So, there are some notable moments though to mention outside these faults. Ravenwood, the sole proprietor here, sounds like an extremely intelligent theorist with little hands on ability. Like a student from a trade school with no field experience. The songs are well formulated with specified and distinct sections creating meaningful structures. "Old Ones Arise," for example circumnavigates a large section of whispers and clunky bass notes, before returning to what would be a well placed conclusion reminiscent of earlier sections. Production hampers this somewhat. The intention and ideas are solid; execution not so much. "The Imperishable Flame," once again, opens with a rather moving melody and a nice attempted build up. Execution once again causes a floundering effect. Drums are not in time with accents, vocals come in where expected but flatly... This is repeated across the tracks. Sixth track "Eulogy for Earth," is rather well done but is effectively an intermission too late on the release. I would have included it much earlier to break up some of the other tracks. The outro is bass noodling. It's... interesting... maybe... but not really because it sounds like something I've played while laying naked drunk on my bedroom floor.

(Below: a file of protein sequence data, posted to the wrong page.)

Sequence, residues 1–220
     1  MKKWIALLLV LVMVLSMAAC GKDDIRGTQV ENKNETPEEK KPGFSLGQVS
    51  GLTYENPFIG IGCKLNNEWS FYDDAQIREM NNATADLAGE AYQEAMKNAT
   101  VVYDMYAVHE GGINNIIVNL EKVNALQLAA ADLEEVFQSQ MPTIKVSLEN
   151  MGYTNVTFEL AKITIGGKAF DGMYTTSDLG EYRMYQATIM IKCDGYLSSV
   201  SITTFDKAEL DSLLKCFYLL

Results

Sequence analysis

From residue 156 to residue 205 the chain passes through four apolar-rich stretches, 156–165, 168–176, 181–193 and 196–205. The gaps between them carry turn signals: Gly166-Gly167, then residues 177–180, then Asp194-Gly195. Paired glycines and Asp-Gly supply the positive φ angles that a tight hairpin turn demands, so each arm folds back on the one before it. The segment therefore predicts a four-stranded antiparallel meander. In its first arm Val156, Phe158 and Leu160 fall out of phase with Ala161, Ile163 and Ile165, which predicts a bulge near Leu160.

I think this could achieve something rather special with some care given to editing, better performances and a less of what could be perceived as rushing on the part of Ravenwood. Details. Details. Details. It could result in a similar effect to that of one of my all time favorite bedroom black metal releases, the Descantation self titled release. This could top that with better production. The songs here are better. Twilight Fauna should stay mindful of the surroundings which the music is intended to represent, be mindful of album pacing and be a tad more perfectionist in editing and performance to achieve a rather exceptional result. Some tracks would be really excellent, such as "The Imperishable Flame," which is slightly less effective here than "Centralia" but would be a highlight with the faults mentioned above even just slightly improved upon. It's actually the best written track but the issues with performance are substantial. The shorter tracks on the release are also good starting points but I wouldn't have put them on the release. I believe improving on just the production issues would make this a good twenty or thirty percent better overall.

Originally written for Contaminated Tones.